Supreme Court Verdict Reflects on Consequences of Countermanding Cheques

The Maldives’ Supreme Court, on 28 October 2019, upheld the ruling of both the High Court, and Civil Court, effectively concluding that countermanding a cheque does not indicate an unfulfilled underlying obligation to the payee, especially in the absence of any proof that the cheque was issued for the fulfilment of any such obligation

The case was initially filed by ADK Company Pvt Ltd (ADK) – the payee, with the Civil Court and then appealed to the High Court, against Gasveli Islands Pvt Ltd (Gasveli) – the drawer, demanding USD 40,000 – the amount for which Gasveli had initially issued the cheque for. The judgments of both courts, however, were concluded against ADK.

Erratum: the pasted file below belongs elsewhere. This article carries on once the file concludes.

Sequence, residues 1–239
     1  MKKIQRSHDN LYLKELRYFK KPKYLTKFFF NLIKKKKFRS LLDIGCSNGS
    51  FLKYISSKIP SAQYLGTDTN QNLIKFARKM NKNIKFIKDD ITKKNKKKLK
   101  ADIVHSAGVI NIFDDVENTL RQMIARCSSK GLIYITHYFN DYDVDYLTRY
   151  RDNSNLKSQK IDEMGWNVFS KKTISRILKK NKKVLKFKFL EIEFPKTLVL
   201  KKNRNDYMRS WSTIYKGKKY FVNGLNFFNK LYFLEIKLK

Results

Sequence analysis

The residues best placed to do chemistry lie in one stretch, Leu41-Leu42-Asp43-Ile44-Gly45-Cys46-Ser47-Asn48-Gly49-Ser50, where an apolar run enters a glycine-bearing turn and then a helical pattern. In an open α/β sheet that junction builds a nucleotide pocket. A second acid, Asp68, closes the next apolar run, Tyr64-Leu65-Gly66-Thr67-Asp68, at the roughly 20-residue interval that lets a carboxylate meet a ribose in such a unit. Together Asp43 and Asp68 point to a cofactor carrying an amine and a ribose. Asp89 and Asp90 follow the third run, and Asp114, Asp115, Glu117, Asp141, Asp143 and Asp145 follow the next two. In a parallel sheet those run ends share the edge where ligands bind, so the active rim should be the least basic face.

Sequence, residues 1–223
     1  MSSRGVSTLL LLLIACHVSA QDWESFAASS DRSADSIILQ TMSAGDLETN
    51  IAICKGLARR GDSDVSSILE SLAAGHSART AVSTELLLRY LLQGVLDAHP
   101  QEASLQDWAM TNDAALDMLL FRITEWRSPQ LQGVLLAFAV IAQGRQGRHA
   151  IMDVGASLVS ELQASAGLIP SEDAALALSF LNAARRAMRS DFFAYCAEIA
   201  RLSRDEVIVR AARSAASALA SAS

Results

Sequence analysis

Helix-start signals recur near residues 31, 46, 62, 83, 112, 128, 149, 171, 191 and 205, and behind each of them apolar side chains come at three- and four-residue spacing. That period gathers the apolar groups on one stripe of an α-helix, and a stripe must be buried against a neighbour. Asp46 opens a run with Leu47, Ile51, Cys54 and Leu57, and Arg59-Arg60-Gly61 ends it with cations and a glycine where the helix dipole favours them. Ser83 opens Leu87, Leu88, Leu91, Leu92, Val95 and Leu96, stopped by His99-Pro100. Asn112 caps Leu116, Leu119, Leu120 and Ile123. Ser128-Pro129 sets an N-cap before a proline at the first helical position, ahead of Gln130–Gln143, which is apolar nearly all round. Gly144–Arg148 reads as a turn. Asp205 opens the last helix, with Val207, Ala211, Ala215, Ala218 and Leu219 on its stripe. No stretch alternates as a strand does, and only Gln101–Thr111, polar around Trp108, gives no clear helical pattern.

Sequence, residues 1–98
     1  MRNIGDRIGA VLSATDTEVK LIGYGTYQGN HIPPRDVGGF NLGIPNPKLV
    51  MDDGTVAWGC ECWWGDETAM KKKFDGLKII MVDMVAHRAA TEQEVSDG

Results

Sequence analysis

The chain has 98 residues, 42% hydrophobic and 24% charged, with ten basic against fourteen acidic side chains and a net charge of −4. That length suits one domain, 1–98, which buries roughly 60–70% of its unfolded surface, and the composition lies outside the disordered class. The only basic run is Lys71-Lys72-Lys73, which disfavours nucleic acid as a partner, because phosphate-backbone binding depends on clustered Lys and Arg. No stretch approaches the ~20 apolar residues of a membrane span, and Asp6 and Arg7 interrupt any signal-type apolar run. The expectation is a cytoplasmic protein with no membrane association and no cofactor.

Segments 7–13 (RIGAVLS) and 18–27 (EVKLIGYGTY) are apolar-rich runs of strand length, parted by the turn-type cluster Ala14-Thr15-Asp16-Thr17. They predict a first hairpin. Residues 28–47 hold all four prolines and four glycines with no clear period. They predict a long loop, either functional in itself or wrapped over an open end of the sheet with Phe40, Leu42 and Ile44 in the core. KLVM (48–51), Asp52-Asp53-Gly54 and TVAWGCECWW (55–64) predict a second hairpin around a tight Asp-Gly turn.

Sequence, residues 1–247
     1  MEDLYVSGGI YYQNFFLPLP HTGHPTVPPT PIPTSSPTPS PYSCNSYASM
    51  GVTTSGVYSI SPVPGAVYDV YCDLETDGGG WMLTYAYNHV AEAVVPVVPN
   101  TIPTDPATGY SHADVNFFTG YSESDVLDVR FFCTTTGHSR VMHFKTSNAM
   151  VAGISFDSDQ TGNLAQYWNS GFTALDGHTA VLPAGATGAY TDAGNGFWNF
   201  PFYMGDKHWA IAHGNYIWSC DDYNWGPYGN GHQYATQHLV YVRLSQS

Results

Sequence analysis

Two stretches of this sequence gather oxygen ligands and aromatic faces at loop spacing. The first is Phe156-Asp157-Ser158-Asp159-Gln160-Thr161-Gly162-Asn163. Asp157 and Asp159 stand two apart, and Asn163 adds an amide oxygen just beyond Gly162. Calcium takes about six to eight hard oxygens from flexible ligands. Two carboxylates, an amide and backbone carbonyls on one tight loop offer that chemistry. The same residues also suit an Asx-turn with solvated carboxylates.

The Justices of the Supreme Court differentiated the present case from an earlier case of the Supreme Court in that the present case did not involve an issue of the cheque being bounced, but rather a countermanded cheque.

The judgment of the Supreme Court does not come as a surprise since s.29(a) of Law No. 16/95 (Negotiable Instruments Act) clearly provides for countermand of payment by the drawer of a cheque. In particular, the Justices of the Supreme Court concluded that it is the right of the drawer of a cheque to instruct the drawee, i.e. the bank, to stop payment of a cheque drawn by the drawer themselves before the date on the cheque or before the cheque is cashed at the bank. Further, the Supreme Court also stated that the bank will be held liable where the bank clears the cheque that has already been countermanded when it was cashed at the bank. The end result of countermanding a cheque is, therefore, it being regarded as if the cheque has never been drawn.

Interestingly, the Court also stated that although payment cannot be recovered based solely on countermanded cheques – the payee can recover such payments made if the underlying obligation can be proved.